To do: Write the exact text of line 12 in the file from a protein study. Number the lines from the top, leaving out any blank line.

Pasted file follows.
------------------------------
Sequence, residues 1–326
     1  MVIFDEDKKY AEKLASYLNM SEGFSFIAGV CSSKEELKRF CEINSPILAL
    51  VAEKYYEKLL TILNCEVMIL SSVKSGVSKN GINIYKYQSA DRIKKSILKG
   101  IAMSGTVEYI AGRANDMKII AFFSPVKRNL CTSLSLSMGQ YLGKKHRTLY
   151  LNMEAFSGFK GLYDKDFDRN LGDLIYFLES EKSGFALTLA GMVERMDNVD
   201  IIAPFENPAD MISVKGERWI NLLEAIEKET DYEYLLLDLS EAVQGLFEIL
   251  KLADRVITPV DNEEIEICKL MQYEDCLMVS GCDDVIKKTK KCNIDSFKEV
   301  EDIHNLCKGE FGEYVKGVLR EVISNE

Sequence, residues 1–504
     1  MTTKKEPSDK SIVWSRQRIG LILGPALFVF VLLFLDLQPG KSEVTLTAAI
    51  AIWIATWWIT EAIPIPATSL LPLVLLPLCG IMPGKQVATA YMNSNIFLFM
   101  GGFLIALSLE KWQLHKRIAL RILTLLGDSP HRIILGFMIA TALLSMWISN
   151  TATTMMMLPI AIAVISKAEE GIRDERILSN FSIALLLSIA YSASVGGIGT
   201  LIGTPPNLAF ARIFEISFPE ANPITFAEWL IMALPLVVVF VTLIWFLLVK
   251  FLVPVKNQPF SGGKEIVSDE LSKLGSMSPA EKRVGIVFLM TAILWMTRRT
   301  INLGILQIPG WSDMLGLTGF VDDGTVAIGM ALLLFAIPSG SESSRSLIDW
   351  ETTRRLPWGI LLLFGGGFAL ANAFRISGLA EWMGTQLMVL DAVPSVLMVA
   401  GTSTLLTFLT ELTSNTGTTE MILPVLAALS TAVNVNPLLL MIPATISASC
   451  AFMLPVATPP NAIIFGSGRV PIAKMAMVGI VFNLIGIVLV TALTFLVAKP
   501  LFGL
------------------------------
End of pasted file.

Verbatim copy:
   101  GGFLIALSLE KWQLHKRIAL RILTLLGDSP HRIILGFMIA TALLSMWISN